Memorandum by East Sussex County Council
DRAFT PPG 25DEVELOPMENT AND FLOOD
This paper is based upon the response of East
Sussex County Council to the consultation draft of Planning Policy
Guidance Note 25: Development and Flood Risk. In East Sussex,
serious flooding has been experienced as the result of the recent
severe weather. Flooding of residential and business properties
was widely reported, particularly that in Lewes town on the River
Ouse, at Uckfield on the River Uck, (a tributary of the Ouse),
and at Robertsbridge on a tributary of and close to the River
Rother. However, the flooding also severely affected much wider
areas, with damaging effects on agriculture, rural properties,
businesses and infrastructure, such as roads and bridges. In the
light of this, some points in the paper have been expanded upon
or changed in emphasis.
The comments derive particularly from the perspective
of the County Council in its role as Planning Authority responsible
for strategic land use planning (the Structure Plan) and ensuring
conformity of District-wide local plans with the adopted Structure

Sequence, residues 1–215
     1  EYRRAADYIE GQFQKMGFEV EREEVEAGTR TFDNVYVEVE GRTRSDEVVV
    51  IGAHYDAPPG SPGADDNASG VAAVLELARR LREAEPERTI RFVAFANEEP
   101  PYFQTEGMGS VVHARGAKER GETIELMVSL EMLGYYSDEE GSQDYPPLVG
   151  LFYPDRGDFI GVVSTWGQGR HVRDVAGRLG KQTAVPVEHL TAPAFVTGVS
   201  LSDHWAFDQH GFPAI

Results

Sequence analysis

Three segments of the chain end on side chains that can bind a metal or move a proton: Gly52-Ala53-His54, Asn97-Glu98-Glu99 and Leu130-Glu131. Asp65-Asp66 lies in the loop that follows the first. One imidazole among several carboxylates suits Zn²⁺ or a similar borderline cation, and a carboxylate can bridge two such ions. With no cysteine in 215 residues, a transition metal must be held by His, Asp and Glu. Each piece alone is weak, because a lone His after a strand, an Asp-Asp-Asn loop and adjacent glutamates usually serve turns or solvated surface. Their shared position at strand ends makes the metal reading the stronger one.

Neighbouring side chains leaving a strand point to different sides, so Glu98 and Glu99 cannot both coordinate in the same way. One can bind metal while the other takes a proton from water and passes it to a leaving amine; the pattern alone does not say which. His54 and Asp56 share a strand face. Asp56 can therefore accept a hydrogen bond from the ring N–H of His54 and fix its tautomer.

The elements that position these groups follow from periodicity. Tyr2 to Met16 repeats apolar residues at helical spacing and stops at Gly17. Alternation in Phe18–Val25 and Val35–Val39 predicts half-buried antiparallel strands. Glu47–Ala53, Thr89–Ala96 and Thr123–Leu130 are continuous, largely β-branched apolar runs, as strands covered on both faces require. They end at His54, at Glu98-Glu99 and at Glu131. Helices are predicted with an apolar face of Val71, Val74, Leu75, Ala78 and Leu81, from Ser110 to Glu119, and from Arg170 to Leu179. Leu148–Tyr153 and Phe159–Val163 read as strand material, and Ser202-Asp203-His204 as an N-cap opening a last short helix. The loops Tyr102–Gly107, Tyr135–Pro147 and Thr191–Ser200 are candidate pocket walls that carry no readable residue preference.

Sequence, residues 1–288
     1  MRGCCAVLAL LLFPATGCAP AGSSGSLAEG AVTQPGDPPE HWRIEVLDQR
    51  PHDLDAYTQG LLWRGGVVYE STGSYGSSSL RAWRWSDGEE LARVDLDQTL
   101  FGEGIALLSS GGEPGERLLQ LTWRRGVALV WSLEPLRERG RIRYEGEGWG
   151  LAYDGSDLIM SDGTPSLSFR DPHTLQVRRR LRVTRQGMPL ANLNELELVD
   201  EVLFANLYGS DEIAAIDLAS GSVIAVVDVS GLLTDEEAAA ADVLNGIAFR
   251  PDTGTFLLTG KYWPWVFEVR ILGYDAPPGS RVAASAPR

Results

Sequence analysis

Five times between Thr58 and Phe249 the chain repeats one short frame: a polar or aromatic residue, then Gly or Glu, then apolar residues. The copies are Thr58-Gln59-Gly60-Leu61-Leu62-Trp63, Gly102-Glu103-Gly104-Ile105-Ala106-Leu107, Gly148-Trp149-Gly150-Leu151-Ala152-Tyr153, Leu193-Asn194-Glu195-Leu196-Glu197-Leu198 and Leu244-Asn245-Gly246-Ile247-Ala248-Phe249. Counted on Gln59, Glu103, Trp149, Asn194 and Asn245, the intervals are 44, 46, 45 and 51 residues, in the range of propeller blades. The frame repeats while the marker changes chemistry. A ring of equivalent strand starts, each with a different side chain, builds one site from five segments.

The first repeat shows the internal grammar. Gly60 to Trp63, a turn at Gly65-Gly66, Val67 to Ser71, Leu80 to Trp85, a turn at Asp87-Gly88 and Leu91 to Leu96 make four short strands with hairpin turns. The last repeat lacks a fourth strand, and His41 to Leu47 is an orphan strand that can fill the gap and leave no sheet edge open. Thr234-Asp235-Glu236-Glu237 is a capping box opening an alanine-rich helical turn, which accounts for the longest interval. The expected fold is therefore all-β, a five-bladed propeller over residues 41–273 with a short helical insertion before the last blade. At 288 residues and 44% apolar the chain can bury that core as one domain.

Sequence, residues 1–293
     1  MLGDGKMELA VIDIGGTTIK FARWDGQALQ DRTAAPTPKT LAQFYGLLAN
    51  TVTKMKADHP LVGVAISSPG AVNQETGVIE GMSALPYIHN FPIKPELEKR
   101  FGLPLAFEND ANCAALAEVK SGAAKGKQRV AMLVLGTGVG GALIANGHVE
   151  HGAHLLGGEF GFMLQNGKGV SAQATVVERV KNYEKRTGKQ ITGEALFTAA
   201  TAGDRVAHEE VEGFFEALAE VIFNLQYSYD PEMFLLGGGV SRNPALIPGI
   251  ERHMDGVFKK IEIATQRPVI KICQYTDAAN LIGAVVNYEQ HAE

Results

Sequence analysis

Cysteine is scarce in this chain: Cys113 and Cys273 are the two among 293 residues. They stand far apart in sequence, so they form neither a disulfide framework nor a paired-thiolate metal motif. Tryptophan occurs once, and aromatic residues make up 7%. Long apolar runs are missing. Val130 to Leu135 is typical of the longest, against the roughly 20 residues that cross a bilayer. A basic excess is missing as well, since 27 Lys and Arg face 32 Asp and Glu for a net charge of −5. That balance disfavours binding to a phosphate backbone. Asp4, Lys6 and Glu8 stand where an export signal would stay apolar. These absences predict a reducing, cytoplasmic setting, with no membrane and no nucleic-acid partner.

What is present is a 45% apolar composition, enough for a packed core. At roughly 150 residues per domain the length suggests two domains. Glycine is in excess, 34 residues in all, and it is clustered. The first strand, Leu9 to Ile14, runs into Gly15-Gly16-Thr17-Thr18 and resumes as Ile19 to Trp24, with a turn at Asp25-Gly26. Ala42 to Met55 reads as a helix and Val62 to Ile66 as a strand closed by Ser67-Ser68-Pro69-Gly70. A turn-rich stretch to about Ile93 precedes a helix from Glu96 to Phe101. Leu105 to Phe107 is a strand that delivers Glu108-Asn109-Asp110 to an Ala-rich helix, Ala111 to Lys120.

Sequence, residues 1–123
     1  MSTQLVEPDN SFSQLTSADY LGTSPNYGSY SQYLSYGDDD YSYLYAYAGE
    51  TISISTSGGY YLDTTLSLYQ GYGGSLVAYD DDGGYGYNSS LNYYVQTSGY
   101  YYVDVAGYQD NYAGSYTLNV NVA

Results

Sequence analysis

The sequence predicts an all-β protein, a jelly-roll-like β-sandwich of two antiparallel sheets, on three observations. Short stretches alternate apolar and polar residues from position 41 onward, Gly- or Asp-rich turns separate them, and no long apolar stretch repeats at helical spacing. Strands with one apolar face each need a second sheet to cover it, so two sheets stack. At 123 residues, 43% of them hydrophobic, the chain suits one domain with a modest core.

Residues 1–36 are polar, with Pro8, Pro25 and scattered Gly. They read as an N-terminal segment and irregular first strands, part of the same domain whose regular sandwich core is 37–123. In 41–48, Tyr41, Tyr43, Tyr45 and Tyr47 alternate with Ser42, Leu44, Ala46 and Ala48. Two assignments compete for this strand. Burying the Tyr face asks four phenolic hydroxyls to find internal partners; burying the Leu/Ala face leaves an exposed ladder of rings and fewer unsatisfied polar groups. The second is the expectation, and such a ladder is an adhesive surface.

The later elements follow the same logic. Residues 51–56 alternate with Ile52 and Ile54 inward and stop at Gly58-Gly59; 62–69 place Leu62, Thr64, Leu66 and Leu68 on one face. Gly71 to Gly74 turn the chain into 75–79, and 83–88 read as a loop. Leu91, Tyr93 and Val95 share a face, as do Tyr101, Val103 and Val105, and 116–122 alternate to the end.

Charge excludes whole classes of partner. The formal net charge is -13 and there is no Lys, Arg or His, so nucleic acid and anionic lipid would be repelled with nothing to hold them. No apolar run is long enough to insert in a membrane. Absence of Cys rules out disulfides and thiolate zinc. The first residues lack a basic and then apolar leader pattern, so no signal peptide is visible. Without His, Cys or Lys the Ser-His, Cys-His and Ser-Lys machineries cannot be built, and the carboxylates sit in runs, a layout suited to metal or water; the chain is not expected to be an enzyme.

DRAFT PPG 25
The County Council welcomes and supports the
publication of the draft PPG 25 and the principles upon which
it is based. The guidance provides greater clarity as to the role,
duties and powers of all those in the development process, and
in this context can be seen as an improvement upon advice found
in circular 30/92. As indicated at paragraph 8 of the consultation
draft, planning authorities in the South East are under pressure
to accommodate an increasing number of dwellings and associated
development and infrastructure. In practice a policy of risk avoidance
may not always be achievable and in this respect the publication
of guidance is seen as being timely.
Specifically, comments were requested by DETR
on the following topics:
is the guidance sufficiently clear
and practical on what is and what is not appropriate development
in flood risk areas?
the use of the risk based approach;
should three yearly reviews of guidance